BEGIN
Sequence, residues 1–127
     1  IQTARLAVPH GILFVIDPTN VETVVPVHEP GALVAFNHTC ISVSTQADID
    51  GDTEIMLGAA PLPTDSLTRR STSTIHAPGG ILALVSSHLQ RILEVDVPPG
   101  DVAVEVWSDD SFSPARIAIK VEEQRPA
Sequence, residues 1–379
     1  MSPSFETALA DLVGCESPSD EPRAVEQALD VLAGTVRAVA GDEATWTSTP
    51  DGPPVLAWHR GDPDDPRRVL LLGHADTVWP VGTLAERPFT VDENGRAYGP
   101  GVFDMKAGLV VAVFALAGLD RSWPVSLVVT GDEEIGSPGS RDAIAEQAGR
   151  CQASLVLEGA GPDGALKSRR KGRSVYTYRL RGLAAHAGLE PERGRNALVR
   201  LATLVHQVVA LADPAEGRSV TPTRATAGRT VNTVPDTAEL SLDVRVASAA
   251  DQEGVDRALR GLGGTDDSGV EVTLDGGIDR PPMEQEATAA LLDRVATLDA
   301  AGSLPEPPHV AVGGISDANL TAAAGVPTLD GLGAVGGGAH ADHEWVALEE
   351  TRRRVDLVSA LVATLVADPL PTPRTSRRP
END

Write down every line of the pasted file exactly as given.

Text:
Sequence, residues 1–127
     1  IQTARLAVPH GILFVIDPTN VETVVPVHEP GALVAFNHTC ISVSTQADID
    51  GDTEIMLGAA PLPTDSLTRR STSTIHAPGG ILALVSSHLQ RILEVDVPPG
   101  DVAVEVWSDD SFSPARIAIK VEEQRPA
Sequence, residues 1–379
     1  MSPSFETALA DLVGCESPSD EPRAVEQALD VLAGTVRAVA GDEATWTSTP
    51  DGPPVLAWHR GDPDDPRRVL LLGHADTVWP VGTLAERPFT VDENGRAYGP
   101  GVFDMKAGLV VAVFALAGLD RSWPVSLVVT GDEEIGSPGS RDAIAEQAGR
   151  CQASLVLEGA GPDGALKSRR KGRSVYTYRL RGLAAHAGLE PERGRNALVR
   201  LATLVHQVVA LADPAEGRSV TPTRATAGRT VNTVPDTAEL SLDVRVASAA
   251  DQEGVDRALR GLGGTDDSGV EVTLDGGIDR PPMEQEATAA LLDRVATLDA
   301  AGSLPEPPHV AVGGISDANL TAAAGVPTLD GLGAVGGGAH ADHEWVALEE
   351  TRRRVDLVSA LVATLVADPL PTPRTSRRP